Korinko sees the dark humour in the drama and slaps his palms together. In and around the Maasai village of Talek, evidently, the lions never win.
DARKNESS IS NO place to hide from the theatre that is the African wild. Shortly after I fall asleep to the sounds of tree frogs and crickets, there’s a knock on the door of my lodge. Rat-tat- tat. It is one of the assistants of the lodge, who had spent the evening enthralling me with his several run-ins with mambas. “Big boys don’t sleep at night,” he says, laughing hysterically at my alarmed state. “Come, I take you to the river. There is plenty of action there at this time of night.” Any human movement is, by law, strictly prohibited in the reserve after 7 pm. But he insists that, as a local, he has a permit. Still, the road to the Mara at 1am is fraught with peril. Elephants, buffalos and big cats, of course, coupled with the fear of being mistaken for poachers and shot at by an anti-poaching squad.
Five minutes on, we’re in a Jeep and the assistant, who we shall call B’wana (Swahili for friend), is clapping his hands over the wheel, driving down a brown road that gleams purple at night. I would like to say I put on a brave face, but B’wana must’ve noticed the cold sweat trickling down my forehead or even heard my heart crashing against my ribcage. Thirty excruciating minutes later, we pull over by a security booth on the bank of the Mara and death is all around us, like a sticky sauce.
“Wildebeests, killed by crocodiles during the river-crossing a month ago,” B’wana says, noticing that I have covered my nose in the collar of my jacket. “The smell never goes away, but you will get used to it.” We walk to the booth, its porch decorated with wildebeest skulls, and under a naked bulb, introductions are made with the officer on his graveyard shift, B’wana’s brother. “I’m glad you’re here,’ says the brother, offering a torch for a handshake. “Come, come, come, let’s step out. There’s plenty to see.” He was putting it mildly, for once we stepped out, barely 10 feet from the back of the booth to the bank of the Mara, the river was exploding with activity. Africa was the stage and the actors of the night were life and the hooded face of death.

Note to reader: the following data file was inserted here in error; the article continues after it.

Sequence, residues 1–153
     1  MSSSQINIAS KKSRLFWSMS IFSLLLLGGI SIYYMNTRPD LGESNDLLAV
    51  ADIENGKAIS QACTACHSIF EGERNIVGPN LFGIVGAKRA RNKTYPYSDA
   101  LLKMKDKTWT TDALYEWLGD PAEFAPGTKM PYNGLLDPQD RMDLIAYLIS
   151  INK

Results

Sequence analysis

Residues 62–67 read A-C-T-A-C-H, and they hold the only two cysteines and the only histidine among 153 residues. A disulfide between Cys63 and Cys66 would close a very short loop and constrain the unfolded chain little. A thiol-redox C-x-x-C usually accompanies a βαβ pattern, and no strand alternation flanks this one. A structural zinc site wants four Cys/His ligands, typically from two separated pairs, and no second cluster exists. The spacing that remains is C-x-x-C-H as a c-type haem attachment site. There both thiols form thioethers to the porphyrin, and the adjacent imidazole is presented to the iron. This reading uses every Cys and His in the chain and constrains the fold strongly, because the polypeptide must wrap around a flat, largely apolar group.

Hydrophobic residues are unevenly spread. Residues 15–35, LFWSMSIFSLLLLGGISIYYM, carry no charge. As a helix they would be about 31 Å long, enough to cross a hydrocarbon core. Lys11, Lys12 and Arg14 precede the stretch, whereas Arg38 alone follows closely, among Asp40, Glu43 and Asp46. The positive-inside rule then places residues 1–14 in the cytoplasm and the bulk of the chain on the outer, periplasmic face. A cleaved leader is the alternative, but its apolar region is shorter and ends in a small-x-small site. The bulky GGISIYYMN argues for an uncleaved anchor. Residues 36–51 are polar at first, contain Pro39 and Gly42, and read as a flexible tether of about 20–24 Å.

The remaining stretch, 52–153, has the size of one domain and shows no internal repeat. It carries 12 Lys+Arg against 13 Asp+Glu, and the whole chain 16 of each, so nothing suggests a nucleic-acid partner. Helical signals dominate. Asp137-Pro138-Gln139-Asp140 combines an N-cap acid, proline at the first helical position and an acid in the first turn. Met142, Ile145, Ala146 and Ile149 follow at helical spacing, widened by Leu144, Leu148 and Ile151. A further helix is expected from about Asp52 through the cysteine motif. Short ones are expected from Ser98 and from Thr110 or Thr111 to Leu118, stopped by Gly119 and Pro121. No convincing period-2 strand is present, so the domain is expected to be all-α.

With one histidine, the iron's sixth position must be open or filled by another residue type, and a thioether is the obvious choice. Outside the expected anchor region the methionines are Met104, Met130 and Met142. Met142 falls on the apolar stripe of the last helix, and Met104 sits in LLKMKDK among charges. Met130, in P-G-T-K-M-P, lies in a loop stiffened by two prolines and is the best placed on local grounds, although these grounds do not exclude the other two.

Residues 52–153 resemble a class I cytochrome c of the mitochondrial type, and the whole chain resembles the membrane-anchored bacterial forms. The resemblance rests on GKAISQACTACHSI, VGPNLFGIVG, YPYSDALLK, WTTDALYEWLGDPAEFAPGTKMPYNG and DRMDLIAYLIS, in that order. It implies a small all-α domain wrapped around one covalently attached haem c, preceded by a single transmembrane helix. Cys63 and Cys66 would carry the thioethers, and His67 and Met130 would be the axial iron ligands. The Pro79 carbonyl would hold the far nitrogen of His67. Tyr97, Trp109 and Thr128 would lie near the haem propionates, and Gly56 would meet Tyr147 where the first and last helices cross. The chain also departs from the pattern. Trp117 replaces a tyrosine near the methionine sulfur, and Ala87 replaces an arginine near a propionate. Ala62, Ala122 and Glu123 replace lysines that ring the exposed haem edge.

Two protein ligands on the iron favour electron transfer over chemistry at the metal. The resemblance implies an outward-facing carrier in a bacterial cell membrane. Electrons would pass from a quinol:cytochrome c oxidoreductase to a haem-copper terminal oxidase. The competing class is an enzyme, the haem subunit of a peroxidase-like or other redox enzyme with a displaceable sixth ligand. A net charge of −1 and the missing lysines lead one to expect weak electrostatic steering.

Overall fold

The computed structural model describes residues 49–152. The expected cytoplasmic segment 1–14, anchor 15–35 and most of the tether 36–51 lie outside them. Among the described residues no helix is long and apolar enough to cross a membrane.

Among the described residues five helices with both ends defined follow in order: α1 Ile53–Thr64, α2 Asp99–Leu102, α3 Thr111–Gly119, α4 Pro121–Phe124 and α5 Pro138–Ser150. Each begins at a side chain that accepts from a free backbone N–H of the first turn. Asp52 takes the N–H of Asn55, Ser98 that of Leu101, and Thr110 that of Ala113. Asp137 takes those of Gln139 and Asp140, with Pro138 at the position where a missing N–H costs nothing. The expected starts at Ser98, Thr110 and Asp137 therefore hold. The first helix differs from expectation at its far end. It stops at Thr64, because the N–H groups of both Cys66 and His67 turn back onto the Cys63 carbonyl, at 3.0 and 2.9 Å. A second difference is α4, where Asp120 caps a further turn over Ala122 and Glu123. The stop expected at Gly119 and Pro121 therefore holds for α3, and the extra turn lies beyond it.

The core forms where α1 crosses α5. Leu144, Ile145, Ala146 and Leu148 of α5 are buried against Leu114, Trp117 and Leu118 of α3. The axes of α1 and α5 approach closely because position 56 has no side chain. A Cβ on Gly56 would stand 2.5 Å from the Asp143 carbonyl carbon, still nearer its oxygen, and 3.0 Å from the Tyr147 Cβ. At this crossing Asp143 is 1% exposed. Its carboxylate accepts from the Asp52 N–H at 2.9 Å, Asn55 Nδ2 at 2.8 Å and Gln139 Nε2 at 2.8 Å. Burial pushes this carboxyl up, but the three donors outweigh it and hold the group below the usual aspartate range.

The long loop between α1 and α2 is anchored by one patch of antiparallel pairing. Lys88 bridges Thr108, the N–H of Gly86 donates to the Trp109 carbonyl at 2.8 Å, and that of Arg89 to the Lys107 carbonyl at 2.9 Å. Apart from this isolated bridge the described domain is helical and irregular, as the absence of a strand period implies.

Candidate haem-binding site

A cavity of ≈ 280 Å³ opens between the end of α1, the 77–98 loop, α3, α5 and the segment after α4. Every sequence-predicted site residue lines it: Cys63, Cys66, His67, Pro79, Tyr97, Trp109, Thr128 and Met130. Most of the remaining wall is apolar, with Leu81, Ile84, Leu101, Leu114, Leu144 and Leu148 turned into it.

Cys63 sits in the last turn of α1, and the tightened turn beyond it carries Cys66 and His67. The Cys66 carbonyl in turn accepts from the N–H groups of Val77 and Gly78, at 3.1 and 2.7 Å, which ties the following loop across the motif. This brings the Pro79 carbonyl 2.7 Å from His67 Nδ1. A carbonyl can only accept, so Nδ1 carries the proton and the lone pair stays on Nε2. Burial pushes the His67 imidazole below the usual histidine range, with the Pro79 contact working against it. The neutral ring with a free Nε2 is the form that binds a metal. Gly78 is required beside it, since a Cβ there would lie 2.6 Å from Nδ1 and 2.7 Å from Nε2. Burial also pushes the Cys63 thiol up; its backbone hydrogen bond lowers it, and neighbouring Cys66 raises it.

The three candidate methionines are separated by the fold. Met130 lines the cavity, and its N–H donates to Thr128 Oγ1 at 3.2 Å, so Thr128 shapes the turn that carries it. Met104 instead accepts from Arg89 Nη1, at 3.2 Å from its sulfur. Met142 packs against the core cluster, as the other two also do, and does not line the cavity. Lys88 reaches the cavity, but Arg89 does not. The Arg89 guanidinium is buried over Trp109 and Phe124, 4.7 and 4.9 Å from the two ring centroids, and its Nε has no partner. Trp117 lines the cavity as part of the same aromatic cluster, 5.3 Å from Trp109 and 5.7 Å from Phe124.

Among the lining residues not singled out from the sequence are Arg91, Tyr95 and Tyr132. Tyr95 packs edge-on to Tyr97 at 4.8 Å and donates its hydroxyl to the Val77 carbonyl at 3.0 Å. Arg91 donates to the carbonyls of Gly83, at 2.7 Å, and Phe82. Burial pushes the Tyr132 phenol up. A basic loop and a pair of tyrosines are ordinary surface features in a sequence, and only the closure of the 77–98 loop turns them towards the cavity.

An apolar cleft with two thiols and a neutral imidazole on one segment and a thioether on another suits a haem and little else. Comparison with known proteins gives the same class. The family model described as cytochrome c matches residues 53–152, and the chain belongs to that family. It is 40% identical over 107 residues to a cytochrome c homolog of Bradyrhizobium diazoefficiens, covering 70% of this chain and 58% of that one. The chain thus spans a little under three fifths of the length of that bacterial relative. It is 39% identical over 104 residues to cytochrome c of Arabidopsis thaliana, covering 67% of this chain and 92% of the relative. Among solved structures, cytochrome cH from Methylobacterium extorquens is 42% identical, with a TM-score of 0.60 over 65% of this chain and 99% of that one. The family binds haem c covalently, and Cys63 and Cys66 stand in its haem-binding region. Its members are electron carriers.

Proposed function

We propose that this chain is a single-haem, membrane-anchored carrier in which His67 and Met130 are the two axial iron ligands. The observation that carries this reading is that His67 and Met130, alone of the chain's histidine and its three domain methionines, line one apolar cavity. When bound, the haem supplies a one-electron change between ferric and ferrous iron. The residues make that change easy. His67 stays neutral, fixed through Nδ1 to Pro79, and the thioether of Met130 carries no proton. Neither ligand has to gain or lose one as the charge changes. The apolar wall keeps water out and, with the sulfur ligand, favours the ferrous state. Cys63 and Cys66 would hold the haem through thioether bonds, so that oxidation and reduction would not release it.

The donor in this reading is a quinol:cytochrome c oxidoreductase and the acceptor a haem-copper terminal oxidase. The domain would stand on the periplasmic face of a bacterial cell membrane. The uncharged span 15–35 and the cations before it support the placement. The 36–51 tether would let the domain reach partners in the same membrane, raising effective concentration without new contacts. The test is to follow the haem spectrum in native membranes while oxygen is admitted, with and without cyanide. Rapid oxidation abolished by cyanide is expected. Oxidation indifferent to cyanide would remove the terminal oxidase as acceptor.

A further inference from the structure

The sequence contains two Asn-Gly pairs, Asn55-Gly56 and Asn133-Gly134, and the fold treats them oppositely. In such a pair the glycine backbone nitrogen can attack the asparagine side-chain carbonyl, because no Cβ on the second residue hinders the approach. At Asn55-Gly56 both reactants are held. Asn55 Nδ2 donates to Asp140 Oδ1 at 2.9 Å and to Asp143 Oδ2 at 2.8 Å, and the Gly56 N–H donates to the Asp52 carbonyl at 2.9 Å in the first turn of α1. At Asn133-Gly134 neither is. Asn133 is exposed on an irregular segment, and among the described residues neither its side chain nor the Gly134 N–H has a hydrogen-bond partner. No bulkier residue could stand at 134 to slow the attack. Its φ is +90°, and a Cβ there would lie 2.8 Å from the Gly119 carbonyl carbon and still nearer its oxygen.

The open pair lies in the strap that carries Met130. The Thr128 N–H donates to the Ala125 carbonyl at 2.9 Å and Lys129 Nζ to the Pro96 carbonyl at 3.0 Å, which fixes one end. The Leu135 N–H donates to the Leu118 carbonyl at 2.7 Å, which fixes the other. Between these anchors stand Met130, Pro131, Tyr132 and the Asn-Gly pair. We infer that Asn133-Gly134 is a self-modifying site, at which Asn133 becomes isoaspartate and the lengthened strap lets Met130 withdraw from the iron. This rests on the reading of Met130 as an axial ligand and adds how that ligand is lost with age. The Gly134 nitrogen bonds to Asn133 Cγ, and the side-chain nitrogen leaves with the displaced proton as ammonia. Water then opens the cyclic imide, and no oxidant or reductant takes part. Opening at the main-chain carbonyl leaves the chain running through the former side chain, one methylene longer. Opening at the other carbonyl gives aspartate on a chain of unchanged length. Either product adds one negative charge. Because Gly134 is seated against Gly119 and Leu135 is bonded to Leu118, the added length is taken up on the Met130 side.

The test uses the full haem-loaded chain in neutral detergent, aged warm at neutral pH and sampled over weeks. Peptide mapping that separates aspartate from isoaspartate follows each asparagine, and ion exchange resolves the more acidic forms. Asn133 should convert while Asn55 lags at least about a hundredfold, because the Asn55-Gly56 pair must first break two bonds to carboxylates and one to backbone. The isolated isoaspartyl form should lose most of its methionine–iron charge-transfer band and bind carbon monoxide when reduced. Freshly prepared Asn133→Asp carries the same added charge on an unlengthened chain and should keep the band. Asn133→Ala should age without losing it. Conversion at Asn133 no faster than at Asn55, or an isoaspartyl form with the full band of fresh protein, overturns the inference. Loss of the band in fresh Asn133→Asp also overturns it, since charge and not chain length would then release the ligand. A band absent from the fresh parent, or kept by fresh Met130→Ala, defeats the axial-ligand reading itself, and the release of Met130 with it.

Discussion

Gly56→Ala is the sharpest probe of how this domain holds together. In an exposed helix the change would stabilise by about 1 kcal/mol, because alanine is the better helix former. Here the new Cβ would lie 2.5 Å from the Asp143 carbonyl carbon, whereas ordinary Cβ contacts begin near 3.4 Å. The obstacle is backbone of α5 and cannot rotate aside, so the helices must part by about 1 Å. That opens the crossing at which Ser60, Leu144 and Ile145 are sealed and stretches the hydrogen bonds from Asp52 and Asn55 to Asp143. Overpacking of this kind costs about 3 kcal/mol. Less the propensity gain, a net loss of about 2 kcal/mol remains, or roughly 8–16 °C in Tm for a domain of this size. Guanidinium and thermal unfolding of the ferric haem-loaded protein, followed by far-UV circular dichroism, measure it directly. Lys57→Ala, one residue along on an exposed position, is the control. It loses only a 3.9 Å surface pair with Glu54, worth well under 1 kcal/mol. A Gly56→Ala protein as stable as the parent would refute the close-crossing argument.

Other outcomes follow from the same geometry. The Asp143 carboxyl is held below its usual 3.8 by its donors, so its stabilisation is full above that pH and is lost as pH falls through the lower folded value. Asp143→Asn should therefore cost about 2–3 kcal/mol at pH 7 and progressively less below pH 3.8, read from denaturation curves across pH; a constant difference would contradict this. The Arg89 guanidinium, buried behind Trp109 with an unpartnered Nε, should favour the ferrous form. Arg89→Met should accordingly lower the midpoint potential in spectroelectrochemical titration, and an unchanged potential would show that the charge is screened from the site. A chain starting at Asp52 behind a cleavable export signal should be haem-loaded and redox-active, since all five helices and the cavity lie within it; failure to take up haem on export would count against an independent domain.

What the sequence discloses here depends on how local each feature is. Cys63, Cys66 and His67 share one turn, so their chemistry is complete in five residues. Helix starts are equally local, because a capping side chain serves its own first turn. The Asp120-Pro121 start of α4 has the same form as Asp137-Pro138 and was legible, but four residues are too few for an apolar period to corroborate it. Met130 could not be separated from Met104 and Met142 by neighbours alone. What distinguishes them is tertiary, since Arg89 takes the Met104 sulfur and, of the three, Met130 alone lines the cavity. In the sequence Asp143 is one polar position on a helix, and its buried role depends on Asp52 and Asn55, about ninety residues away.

Washed ashore, amidst a spread of bones on our side of the bank, is the body of a relatively fresh wildebeest. The vultures have claimed it but are in a spread-feathered tussle with a group of wet and shivering hyenas. We strike eyeshine with our torchlight and the sniggering mammals dazzle like demons in the dark. The battle of the scavengers, however, is put to shame by the bedlam erupting from the far bank. This is a dispute for the river itself as crocodiles, anchored in fear to the mud, hiss and slap their Jurassic tails against one another when hippos (which we can’t see but sure can hear) surface to shoot jets of steam from their nostrils.
Time is but an illusion in the African wild. Before we know it, dawn has cracked through the splintered sky and silhouettes of elephants, like forgotten ghosts, appear against the rising run. As they thunder down the valley to cross the river, the Mara is momentarily theirs. The crocs slink away downstream while the agitated hippos grunt and groan their way against the current. Even the hyenas on the near bank have disappeared into the breaking day. Now, without a common foe, the vultures turn on each other, flapping and squawking by the bones, each devising cunning methods to peck away at the final smear of wildebeest flesh.